There are usually two different types of bedrock involved: phyllite and granite. The boundary between the two is called the sub-Cambrian “peneplain” and is easily visible in the terrain like a flat shelf, with granite as the foundation. Both types of rock contain iron, but it is the pyrite (FeS2 ) in the phyllite that is the source of bog ore. Water that seeps into the cracks in the phyllite loosen up the chemically divalent iron from the pyrite. The bedrock is relatively hard and dense and therefore the groundwater flows readily along the boundary between the two types of bedrock. The flat rock shelf on this boundary has bad drainage. The high groundwater levels result in much marshland just here.
When the water flows out from the cracks, the easily soluble divalent iron oxidizes in air to ferric iron (Fe2O3). The end product becomes more difficultly soluble rust that clumps together in the marsh to form what we call bog ore. Bacteria that utilize the iron are also a part of this process.
The iron could first be utilized after methods of extraction were invented. This involved using charcoal from charcoal kilns in «blasting pits», of which many have been found in Sysendalen. In the covered kilns the charcoal was incompletely burned to make CO (carbon monoxide). In this way the bog ore, which lay on the surface, was reduced to divalent liquid iron (Fe). This end product then flowed down into the pit.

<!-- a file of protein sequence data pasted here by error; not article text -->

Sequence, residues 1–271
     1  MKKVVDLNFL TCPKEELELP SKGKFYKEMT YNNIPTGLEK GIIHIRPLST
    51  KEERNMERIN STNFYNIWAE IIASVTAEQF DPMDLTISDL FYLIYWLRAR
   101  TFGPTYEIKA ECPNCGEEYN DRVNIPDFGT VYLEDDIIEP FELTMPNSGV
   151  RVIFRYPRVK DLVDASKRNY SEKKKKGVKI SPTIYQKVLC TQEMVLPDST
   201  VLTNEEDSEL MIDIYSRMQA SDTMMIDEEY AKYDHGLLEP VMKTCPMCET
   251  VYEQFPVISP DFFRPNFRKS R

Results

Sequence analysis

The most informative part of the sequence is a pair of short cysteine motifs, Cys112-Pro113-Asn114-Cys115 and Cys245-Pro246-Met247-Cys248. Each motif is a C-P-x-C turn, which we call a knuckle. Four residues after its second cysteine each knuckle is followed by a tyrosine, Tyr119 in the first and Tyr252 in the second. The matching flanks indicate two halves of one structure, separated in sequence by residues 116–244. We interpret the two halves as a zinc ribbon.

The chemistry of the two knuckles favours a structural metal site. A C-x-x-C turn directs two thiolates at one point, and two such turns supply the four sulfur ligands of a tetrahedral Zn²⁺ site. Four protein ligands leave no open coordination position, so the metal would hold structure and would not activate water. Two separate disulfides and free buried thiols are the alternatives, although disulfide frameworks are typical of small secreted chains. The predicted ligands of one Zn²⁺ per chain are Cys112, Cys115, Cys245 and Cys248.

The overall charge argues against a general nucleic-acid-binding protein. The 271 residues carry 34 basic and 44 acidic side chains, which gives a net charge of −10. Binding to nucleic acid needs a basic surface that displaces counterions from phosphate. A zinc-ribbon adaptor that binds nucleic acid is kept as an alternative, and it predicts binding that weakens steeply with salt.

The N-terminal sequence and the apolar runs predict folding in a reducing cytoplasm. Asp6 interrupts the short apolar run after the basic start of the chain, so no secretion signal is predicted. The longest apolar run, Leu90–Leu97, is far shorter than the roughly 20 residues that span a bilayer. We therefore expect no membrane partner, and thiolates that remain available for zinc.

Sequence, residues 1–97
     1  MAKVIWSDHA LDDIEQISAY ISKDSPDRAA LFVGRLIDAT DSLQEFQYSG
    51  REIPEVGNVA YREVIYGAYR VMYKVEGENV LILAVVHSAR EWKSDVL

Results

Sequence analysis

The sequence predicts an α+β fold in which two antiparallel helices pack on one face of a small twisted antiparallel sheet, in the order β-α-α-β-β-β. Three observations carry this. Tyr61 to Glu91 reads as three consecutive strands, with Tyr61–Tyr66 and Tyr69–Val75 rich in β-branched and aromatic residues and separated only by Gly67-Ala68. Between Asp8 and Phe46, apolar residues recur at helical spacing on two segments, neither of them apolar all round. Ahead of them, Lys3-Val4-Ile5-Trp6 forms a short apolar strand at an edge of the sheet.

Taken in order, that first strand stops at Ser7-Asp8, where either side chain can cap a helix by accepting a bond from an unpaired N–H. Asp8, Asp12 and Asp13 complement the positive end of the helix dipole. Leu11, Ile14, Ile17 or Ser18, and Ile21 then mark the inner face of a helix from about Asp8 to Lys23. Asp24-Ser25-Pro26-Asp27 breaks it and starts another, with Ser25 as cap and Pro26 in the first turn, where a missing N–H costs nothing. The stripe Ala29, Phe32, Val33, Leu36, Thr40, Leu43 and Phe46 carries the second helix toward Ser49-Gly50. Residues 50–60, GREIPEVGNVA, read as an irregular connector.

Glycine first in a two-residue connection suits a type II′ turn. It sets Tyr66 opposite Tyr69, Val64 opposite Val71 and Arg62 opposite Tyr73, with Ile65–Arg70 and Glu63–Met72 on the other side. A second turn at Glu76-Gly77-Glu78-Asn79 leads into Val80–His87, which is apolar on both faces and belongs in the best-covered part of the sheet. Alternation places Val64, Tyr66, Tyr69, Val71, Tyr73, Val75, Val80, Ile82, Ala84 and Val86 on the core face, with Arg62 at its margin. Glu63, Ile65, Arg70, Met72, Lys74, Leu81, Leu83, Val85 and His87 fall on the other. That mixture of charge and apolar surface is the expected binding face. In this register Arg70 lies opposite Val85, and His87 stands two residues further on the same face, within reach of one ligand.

Forestry in Sysendalen in recent times?
Pollen analysis and stump findings in marshes in Sysendalen tell us about the pine forest on Hardangervidda throughout the Middle Ages and all the way up to modern times, a forest which abruptly disappeared towards the end of the 1700s (see diagram).When the forest disappeared, heather, peat moss and cloudberries took its place. But, both the existence of the forest and its disappearance have been difficult to confirm through written sources, with one exception: information found in a travel journal from a trip over Hardangervidda in 1821,written by the later well known Norwegian professor Mathias Numsen Blytt:
“We wished to see this remarkable thing (editorial comment: Vøringsfossen), and coincidentally discovered a guide, an attractive and spritely 70-year old man, with his backpack on his back and his cane in hand as he came walking over Hølenbroe (…) With our old man we set off alongside the riverbed to the waterfall; and when we wished to see the waterfall from below, if possible, we had to partly climb and partly slide down a pile of logs, which was very steep, and from there walk down some very challenging paths before we arrived down at the river and saw the waterfall at a distance of some hundred fods away.”
The information about the piles of lumber from 1821 gives researchers important historical proof that there has been forestry in Sysendalen in more recent times. This fits well with the marsh findings, both the pollen analysis and the tree stumps. It appears that the forest had been cut down by 1821, but the timber chute was navigable still!